I’d been freelancing fulltime for more than a year before I summoned up the courage to ask for a better deal than whatever was on the table. Before then, I simply took whatever the editor offered, scampered off, and was grateful. (For example, my first article, which sold to Cosmopolitan in 1996, sold for $850… for 1,300 words. That’s what the editor said she could pay, so I took it. This was at a time when the magazine paid $1/word and up for articles. Did I ask for more? Did I even try? Of course not. I was so thrilled to finally get published I would have sold the piece for $50. Good thing I didn’t tell the editor that.)
With 13 months’ experience came some confidence, however. Also the realization that while I was working 50- to 60-hour weeks, I wasn’t making that much money. Granted, some of my work was for the local newspaper, where I was paid anywhere from $35 to $75 for a story. But another factor was that I kept saying “yes” to any work that came my way without ever asking for more. So I decided to try—and I think you should too.
Feeling nervous? That’s OK. I’m going to make it easy for you with some specific techniques you can try:
Be nice. Meaning, I don’t attack the editor for a less-than-stellar offer. Instead, I express my gratitude to her and remind her that I do want to work with her. Then I ask for more. Try something like, “Thanks so much for thinking of me for this piece—I’m looking forward to working with you on this topic. But considering the length/scope/deadline/insert-reason-hereof the piece, do you think you could do a little better money-wise?”
Give a reason. Bottom line—I want more money. I just do! But that doesn’t give my editor a reason to give it to me. That's why I give her an explanation of why I want more money—the complexity of the story, the number of sources I’ll have to interview, a tight deadline, a piece that requires some expertise in the subject matter, whatever fits. I want to give her a reason to say “yes.” Years ago, an editor I’d worked with before called to assign a 2,000-word piece on oral contraceptives that included five sidebars—and then offered $1/word for it. That’s not a terrible rate, but it wasn’t enough to justify all the time I was going to put into the story. I told her, “I really want to write this piece for you, but obviously this story is going to take me weeks of research and interviews, especially with all the sidebars. I don’t think $1/word is really fair for this particular story. Can you do better than that?” She immediately agreed to $1.50/word, which gave me an extra $1,000 just for opening my mouth. (In retrospect, I realize she agreed too quickly—she probably would have gone even higher. Oops.)
Cite your standard. If the per-word rate is much lower than what you usually get, mention that. Try, “I’d love to write for you, but for this kind of work, I usually get more per word. Is there any way you can do better?”
Prove your worth. You may be surprised to learn that I don’t try to negotiate every offer. If a new editor comes to me with an assignment at a fair rate, I take it. Then I do a great job on the piece…and ask for money the second time around. Remember that whether you’re a new or seasoned writer, the editor’s taking a chance on you—there are plenty of talented freelancers who are lazy about deadlines or turn in sloppy copy. Once I’ve proven myself, I’m in a much better position to ask for a higher per-word rate for the next story. That’s when I ask for a raise, using language like, “I’m so happy we’ll be working together again! Because you’ve worked with me before, you know I’m going to do a good job for you, and turn in the story before deadline. Considering that you know I’ll deliver for you, can we bump up my per-word rate?” (Or, “Can you do better money-wise this time around?”)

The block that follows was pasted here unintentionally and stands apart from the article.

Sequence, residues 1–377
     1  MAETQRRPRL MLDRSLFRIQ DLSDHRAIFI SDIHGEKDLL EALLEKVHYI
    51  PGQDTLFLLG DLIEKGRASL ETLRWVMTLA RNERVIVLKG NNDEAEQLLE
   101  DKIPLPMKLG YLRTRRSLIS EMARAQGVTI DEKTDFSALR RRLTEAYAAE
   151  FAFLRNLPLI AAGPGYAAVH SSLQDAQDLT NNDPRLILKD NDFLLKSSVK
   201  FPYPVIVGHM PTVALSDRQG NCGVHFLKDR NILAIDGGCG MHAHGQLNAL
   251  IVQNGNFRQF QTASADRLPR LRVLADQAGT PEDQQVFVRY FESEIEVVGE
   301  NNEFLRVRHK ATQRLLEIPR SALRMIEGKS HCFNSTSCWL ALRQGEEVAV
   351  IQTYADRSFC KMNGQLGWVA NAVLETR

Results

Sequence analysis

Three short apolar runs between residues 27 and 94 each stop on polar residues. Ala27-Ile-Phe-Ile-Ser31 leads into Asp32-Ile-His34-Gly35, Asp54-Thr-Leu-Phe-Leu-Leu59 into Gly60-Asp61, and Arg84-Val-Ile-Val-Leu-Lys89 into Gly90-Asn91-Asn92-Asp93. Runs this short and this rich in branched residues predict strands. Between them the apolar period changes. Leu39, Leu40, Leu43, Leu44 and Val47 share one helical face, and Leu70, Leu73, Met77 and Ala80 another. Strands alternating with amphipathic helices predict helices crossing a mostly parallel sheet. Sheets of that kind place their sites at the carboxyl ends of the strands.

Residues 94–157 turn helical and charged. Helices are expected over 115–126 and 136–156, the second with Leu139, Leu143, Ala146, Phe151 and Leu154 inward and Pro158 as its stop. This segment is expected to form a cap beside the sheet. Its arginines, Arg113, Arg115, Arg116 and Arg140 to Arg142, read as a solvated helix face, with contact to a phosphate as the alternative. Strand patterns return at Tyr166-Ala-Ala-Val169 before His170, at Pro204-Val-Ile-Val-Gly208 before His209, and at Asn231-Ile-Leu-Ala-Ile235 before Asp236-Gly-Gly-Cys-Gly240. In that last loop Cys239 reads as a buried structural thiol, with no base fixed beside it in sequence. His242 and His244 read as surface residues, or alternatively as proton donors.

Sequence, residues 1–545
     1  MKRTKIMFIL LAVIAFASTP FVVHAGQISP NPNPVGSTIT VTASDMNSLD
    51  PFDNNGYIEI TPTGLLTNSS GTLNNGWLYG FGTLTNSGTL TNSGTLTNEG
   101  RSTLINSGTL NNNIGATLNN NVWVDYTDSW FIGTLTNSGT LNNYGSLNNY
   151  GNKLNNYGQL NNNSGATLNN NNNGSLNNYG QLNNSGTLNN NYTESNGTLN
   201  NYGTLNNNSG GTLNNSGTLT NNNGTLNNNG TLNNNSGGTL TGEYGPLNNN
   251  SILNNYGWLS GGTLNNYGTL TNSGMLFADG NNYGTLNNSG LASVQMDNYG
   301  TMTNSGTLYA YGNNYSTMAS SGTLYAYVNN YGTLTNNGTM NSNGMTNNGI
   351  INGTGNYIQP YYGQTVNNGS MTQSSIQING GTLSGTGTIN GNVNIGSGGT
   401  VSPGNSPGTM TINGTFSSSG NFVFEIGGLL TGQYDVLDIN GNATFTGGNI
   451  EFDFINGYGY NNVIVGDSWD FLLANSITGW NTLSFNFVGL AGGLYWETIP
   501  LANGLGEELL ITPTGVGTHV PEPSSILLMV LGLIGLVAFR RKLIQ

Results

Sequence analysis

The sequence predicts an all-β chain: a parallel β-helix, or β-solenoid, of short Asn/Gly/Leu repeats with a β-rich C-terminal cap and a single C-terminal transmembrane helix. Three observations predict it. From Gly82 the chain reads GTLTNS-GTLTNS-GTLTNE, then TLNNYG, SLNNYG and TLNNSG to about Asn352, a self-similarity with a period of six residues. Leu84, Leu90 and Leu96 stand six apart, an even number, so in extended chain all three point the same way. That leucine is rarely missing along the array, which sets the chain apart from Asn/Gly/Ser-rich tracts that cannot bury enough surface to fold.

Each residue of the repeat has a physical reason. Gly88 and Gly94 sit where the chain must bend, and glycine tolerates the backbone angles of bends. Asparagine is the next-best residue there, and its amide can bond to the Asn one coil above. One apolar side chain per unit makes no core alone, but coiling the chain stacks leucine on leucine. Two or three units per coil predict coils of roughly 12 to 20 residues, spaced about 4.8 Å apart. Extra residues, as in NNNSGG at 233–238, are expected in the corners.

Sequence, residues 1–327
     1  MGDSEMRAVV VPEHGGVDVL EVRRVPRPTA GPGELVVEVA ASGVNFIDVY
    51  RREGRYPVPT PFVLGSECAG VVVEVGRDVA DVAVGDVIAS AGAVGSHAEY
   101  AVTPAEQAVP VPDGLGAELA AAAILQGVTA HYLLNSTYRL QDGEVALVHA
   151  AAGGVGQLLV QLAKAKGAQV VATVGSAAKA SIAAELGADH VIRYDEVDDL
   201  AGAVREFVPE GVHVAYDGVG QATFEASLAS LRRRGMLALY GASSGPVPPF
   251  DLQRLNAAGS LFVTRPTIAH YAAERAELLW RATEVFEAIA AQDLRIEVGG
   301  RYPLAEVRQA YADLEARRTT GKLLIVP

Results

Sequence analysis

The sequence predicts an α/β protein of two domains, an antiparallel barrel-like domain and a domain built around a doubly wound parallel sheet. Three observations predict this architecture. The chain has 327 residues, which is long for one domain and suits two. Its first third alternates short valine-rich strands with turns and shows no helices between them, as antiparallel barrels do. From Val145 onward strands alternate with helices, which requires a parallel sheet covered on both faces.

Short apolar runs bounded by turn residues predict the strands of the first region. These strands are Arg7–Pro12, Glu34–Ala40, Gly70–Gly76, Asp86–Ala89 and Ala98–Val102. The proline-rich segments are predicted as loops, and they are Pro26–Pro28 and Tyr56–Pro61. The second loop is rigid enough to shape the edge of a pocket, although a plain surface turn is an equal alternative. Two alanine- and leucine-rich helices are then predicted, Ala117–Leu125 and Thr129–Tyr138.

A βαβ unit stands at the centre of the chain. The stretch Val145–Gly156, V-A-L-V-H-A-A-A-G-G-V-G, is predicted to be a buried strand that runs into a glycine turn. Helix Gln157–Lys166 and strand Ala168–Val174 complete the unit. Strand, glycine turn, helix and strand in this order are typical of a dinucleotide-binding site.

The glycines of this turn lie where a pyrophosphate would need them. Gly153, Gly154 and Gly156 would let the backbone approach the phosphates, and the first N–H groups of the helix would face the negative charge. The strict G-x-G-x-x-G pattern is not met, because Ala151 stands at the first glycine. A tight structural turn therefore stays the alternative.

Keep the door open. I’ve asked for more money from editors and been turned down. My motto? It never hurts to ask. When an editor says, “I’m sorry, but I can’t do any better,” or “we have a set rate for writers and I can’t change it,” I don’t complain. If I want the assignment, I say yes, and say, “No problem—I understand! It never hurts to ask, right?" And if I don’t want the assignment, I just explain that I can’t take it on but that I do appreciate the editor getting in touch. I never burn a bridge…and you never know where your editor may end up!
So why not try? Yes, it’s easier (and less stressful!) to simply say “yes” or “no” to an offer than to try to negotiate with an editor, but that’s no reason not to try. Take a deep breath, summon your courage, and ask if the editor can do better. You may be surprised at the answer.
One more thing--writers often fear that if they ask for more money, they’ll lose the assignment. In more than 13 years of freelancing, that has never happened to me. The worst case scenario is that you’ll ask for more money, the editor will refuse, and you’ll have to decide whether you’re willing to take the work or not. Best case? You make more money—simply by asking for it.
Your mission, if you choose to accept it, is to ask for more money on your next freelance assignment. Let me know how it turns out. And if you have any negotiating techniques that you’ve found effective, please share them here!
Writing Is Hard Work
3 years ago
Great article. I'm working as a freelancer right now (not a writer but at the end of the day many of the principles are the same I think) and have been mulling over whether or not to ask clients for more money as I'm getting more job offers. My worst fear is alienating them and losing potential jobs, but I really like your approach. Thanks!ReplyDelete
Thanks, Arthur! I'm glad you found it helpful...let me know how the techniques work out for you. :)ReplyDelete